The last time you ate dinner with family, you were quite frustrated. Not because of any intra-family episode (though there’s always some of that). No, the cause of the frustration was simple: it was noisy, and you couldn’t hear a thing. So you didn’t hear the details about Nancy’s raise, and you didn’t have the ability to ask about Todd’s new dog. And that was really annoying. You try to play it off as if the acoustics of the room are to blame. But you have to admit that it may be an issue with your hearing.
It can be incredibly challenging to self-diagnose hearing loss (that’s why, typically, it’s not suggested). But you should keep your eye out for certain warning signs. When enough of these red flags spring up, it’s worth scheduling an appointment to get a hearing test.
Early signs of hearing loss
Not every symptom and sign of hearing loss is obvious. But you could be experiencing hearing loss if you can relate to any of the items on this list.
Here are some of the most prevalent early signs of hearing loss:
- High-pitched sounds are hard to hear. Maybe you just noticed your teapot was whistling after five minutes. Or maybe, you never even hear the doorbell ringing. Early hearing loss is typically most noticeable in specific (and often high-pitched) frequencies of sound.
- You keep requesting that people repeat themselves. If you find yourself asking multiple people to speak slower, speak louder, or repeat what they said, this is particularly true. You might not even know you’re making such frequent requests, but it can certainly be an early sign of diminishing hearing.
- Your ears are ringing: This ringing (it can actually be other noises too) is called tinnitus. Tinnitus isn’t always associated with hearing problems, but it is frequently an early warning sign of hearing loss, so a hearing test is probably in order.
- A friend points out that your media devices are getting increasingly louder. Maybe you keep turning up the volume on your mobile phone. Or perhaps, your TV speakers are as loud as they go. Usually, you’re not the one that notices the loud volume, it’s your kids, maybe your neighbor, or your friends.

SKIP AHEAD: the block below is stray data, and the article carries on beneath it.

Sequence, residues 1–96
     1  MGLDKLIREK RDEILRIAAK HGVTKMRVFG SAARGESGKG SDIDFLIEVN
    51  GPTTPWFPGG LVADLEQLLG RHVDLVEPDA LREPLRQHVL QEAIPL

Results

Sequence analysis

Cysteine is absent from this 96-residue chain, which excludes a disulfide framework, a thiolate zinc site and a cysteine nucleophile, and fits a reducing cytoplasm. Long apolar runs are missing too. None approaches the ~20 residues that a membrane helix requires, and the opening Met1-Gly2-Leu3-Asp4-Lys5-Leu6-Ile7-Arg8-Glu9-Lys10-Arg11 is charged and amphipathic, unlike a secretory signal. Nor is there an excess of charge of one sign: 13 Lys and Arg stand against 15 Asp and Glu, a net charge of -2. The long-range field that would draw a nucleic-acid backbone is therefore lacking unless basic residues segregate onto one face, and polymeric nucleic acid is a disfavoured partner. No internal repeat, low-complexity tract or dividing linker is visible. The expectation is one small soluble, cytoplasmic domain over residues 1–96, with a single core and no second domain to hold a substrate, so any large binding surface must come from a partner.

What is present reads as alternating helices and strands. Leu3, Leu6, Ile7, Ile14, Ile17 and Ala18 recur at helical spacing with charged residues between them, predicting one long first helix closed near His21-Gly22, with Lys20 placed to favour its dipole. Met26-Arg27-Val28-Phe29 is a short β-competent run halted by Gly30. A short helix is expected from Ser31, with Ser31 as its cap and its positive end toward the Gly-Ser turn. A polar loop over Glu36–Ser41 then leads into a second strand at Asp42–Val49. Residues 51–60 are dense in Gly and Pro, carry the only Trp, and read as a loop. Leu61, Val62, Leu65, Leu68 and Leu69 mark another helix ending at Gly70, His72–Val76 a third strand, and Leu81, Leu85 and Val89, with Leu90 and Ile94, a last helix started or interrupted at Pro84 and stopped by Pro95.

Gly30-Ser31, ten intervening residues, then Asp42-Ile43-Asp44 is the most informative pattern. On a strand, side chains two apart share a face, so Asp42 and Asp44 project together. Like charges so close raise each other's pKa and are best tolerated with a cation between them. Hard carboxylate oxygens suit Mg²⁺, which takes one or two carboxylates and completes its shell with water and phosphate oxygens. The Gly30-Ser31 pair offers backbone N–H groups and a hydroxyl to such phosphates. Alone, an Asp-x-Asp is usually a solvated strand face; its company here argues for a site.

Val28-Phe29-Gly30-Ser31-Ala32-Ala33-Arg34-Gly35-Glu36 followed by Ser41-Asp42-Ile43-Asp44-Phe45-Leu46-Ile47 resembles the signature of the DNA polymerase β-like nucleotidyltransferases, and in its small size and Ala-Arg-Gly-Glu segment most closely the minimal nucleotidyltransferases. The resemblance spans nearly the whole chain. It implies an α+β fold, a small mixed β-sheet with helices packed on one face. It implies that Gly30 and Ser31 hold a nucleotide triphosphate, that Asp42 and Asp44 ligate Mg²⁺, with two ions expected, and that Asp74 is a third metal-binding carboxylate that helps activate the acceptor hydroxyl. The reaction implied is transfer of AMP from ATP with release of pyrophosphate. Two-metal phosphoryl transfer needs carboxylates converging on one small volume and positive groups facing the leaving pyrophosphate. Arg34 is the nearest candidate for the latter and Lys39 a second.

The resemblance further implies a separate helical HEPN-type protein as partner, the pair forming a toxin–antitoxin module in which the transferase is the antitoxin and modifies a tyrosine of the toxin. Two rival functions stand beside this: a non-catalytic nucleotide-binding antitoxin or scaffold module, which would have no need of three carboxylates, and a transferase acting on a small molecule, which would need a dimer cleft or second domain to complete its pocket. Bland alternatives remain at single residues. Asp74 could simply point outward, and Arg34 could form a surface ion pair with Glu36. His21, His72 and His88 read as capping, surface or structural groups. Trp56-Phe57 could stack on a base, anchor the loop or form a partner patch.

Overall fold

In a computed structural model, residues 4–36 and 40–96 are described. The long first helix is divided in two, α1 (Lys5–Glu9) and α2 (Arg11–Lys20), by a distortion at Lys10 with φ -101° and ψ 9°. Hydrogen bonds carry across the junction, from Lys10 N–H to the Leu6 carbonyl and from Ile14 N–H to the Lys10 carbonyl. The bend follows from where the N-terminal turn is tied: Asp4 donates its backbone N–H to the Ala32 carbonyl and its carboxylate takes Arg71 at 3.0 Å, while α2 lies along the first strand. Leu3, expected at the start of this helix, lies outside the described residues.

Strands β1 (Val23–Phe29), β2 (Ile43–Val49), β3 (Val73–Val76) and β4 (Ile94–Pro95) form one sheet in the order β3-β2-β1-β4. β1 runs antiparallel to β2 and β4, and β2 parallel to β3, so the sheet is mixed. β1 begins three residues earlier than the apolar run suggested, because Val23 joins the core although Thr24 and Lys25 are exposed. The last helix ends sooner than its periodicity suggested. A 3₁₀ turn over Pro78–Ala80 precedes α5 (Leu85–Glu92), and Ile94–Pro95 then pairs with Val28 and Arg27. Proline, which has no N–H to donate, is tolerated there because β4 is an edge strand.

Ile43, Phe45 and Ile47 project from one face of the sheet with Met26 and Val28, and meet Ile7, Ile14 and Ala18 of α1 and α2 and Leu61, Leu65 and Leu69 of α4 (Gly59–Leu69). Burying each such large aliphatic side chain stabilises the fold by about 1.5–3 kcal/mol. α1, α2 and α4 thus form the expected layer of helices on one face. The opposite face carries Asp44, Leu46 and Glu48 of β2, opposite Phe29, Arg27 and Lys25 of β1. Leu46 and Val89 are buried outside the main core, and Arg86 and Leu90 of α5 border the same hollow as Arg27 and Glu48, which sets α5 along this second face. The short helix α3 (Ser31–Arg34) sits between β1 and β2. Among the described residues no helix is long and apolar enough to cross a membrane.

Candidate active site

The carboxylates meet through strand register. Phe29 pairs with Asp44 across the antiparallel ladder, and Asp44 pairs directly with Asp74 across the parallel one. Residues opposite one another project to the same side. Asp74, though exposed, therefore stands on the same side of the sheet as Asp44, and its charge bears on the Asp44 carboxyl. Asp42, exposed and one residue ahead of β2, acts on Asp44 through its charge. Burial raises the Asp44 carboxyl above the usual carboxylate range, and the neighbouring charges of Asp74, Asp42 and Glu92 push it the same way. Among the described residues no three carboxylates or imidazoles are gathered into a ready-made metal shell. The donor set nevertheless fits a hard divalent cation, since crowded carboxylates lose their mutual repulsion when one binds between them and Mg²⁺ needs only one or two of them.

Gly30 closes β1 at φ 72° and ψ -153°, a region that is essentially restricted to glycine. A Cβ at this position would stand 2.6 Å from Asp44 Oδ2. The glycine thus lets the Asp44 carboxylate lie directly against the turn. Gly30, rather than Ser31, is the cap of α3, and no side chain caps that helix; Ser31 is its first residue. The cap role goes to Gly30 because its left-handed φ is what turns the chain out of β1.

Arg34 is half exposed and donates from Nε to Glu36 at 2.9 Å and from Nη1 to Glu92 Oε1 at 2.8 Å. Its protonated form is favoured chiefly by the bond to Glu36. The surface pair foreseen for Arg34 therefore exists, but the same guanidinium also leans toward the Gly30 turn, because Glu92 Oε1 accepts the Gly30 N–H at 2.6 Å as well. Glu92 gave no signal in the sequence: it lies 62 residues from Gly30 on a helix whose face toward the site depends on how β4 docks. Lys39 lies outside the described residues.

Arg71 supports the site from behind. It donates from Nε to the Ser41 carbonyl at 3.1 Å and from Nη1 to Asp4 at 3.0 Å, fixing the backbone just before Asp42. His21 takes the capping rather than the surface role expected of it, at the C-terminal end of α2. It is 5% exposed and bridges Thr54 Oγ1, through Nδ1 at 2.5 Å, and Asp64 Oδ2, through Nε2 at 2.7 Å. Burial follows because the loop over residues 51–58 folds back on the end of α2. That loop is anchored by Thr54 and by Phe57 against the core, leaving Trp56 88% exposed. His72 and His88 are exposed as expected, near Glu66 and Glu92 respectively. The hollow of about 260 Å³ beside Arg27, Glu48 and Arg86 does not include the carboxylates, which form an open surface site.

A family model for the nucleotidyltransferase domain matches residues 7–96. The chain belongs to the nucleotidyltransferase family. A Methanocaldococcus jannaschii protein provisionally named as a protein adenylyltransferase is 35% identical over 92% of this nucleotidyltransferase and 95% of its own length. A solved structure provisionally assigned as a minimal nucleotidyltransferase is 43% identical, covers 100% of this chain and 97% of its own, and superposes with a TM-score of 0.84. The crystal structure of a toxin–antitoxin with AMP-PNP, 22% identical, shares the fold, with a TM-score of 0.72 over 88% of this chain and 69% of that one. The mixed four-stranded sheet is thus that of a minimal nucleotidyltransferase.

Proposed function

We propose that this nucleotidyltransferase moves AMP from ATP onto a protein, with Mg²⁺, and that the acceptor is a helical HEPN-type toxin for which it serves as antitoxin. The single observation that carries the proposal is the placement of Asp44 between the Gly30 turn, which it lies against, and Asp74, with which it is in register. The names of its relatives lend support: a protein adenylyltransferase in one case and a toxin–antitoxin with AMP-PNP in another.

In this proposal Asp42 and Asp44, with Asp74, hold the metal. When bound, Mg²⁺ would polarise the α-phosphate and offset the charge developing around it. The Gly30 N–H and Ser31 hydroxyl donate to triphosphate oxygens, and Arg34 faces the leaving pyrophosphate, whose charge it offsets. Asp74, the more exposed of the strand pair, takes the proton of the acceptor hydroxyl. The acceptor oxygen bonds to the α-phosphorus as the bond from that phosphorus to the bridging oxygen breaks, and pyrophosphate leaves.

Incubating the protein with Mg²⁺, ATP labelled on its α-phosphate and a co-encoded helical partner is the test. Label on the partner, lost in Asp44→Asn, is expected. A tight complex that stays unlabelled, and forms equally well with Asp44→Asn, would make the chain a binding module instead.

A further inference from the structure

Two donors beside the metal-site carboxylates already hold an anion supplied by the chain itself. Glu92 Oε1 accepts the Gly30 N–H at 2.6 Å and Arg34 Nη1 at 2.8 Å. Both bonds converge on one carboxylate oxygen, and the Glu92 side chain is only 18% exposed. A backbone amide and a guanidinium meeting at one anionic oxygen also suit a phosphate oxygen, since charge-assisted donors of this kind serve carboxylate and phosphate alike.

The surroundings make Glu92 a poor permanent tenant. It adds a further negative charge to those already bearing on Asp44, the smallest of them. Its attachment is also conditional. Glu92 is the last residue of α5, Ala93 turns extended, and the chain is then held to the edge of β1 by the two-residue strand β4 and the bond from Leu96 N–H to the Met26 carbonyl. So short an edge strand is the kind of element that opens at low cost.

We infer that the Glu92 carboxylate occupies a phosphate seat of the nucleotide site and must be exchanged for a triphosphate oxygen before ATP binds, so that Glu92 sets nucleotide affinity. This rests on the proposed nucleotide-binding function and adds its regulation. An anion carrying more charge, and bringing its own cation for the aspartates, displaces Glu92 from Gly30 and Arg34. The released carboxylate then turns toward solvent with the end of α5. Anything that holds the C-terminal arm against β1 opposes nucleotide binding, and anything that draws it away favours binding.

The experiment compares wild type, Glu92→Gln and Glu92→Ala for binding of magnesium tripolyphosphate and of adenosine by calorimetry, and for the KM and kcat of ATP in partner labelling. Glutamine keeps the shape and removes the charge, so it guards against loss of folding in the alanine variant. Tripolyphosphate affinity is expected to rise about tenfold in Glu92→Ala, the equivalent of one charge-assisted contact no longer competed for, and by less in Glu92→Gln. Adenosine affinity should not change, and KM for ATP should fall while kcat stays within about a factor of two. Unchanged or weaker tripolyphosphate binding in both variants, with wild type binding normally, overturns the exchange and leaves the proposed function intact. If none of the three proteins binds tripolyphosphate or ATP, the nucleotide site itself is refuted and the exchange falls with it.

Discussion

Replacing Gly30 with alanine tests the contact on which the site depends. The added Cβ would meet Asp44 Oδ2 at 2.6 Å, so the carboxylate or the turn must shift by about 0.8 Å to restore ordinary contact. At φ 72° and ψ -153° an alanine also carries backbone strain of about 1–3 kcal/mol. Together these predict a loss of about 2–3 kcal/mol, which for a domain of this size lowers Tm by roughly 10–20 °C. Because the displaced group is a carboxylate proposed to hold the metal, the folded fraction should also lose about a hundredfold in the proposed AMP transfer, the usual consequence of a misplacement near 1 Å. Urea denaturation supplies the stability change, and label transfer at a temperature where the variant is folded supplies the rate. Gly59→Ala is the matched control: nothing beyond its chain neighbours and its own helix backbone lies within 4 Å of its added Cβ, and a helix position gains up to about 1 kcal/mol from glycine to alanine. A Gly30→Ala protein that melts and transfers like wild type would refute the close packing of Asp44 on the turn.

- You find that some sounds become unbearably loud. You may or may not encounter this but if you do, keep in mind that it can be an early warning of hearing loss. If specific sounds become oppressively loud (particularly if the problem doesn’t resolve itself in short order), that may be an early hearing loss indicator.
- Certain words are difficult to understand. This symptom happens when consonants become hard to hear and distinguish. The “sh” and “th” sounds are the most prevalent examples. Sometimes, it’s the s- and f-sounds or p- and t-sounds that get lost.
- It’s suddenly very difficult to understand phone calls: You might not talk on the phone as often as you used to because you use texting pretty often. But you might be experiencing another early warning sign if you’re having trouble understanding the calls you do take.
- When you’re in a crowded loud place, you have trouble hearing conversations. This is often an early indication of hearing loss.
Get a hearing test
You may have one or more of these early warnings but the only real way to determine the health of your hearing is to get a hearing test.
In general, any single one of these early red flags could indicate that you’re developing some kind of hearing loss. And if any impairment exists, a hearing assessment will be able to identify how far gone it is. And then you’ll be better prepared to find the correct treatment.
This means your next family get-together can be much more enjoyable.